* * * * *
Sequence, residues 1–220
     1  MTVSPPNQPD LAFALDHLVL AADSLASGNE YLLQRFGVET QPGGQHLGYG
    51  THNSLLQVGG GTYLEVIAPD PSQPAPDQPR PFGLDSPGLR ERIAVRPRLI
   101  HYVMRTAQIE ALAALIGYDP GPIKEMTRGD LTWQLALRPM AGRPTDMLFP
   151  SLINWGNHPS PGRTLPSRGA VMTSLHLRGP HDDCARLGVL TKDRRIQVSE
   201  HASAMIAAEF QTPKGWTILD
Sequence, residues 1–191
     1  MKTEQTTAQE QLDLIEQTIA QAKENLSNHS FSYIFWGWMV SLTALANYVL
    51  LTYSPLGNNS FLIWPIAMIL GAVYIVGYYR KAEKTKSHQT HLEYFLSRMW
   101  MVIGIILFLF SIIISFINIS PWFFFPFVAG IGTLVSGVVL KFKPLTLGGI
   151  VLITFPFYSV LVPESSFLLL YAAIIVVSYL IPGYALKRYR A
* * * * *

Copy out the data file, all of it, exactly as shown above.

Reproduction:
Sequence, residues 1–220
     1  MTVSPPNQPD LAFALDHLVL AADSLASGNE YLLQRFGVET QPGGQHLGYG
    51  THNSLLQVGG GTYLEVIAPD PSQPAPDQPR PFGLDSPGLR ERIAVRPRLI
   101  HYVMRTAQIE ALAALIGYDP GPIKEMTRGD LTWQLALRPM AGRPTDMLFP
   151  SLINWGNHPS PGRTLPSRGA VMTSLHLRGP HDDCARLGVL TKDRRIQVSE
   201  HASAMIAAEF QTPKGWTILD
Sequence, residues 1–191
     1  MKTEQTTAQE QLDLIEQTIA QAKENLSNHS FSYIFWGWMV SLTALANYVL
    51  LTYSPLGNNS FLIWPIAMIL GAVYIVGYYR KAEKTKSHQT HLEYFLSRMW
   101  MVIGIILFLF SIIISFINIS PWFFFPFVAG IGTLVSGVVL KFKPLTLGGI
   151  VLITFPFYSV LVPESSFLLL YAAIIVVSYL IPGYALKRYR A